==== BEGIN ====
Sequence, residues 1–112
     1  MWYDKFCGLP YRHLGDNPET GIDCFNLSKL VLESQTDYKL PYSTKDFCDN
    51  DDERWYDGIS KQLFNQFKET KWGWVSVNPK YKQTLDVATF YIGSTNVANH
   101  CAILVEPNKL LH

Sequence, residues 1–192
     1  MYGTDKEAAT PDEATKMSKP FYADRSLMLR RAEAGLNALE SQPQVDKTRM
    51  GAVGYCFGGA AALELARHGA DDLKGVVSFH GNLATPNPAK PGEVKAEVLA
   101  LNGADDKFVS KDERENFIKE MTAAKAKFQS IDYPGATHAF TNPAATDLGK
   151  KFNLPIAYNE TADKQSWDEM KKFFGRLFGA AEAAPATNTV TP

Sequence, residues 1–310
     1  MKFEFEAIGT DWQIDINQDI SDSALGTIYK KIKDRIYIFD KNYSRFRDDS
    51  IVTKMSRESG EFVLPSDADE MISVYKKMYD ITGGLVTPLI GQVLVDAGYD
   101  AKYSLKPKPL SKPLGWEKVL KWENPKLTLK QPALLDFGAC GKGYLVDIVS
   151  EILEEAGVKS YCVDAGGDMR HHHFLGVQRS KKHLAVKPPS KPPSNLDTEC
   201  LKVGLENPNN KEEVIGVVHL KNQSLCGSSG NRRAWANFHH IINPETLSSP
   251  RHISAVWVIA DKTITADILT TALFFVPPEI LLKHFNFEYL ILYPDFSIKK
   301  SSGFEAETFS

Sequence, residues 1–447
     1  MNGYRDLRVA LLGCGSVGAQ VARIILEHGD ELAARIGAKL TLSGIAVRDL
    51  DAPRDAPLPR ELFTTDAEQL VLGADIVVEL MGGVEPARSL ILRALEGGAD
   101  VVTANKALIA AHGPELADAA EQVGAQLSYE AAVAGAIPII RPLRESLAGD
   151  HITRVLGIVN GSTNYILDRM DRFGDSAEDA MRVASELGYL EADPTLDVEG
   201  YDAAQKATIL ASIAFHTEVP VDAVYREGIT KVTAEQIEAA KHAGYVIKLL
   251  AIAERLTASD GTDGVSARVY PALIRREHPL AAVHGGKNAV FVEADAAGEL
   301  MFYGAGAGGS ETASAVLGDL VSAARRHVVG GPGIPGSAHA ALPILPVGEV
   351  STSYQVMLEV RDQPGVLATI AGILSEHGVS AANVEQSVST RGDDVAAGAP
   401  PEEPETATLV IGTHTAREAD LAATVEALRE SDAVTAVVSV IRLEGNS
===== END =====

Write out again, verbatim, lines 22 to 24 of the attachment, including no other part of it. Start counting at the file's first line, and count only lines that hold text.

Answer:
   151  HITRVLGIVN GSTNYILDRM DRFGDSAEDA MRVASELGYL EADPTLDVEG
   201  YDAAQKATIL ASIAFHTEVP VDAVYREGIT KVTAEQIEAA KHAGYVIKLL
   251  AIAERLTASD GTDGVSARVY PALIRREHPL AAVHGGKNAV FVEADAAGEL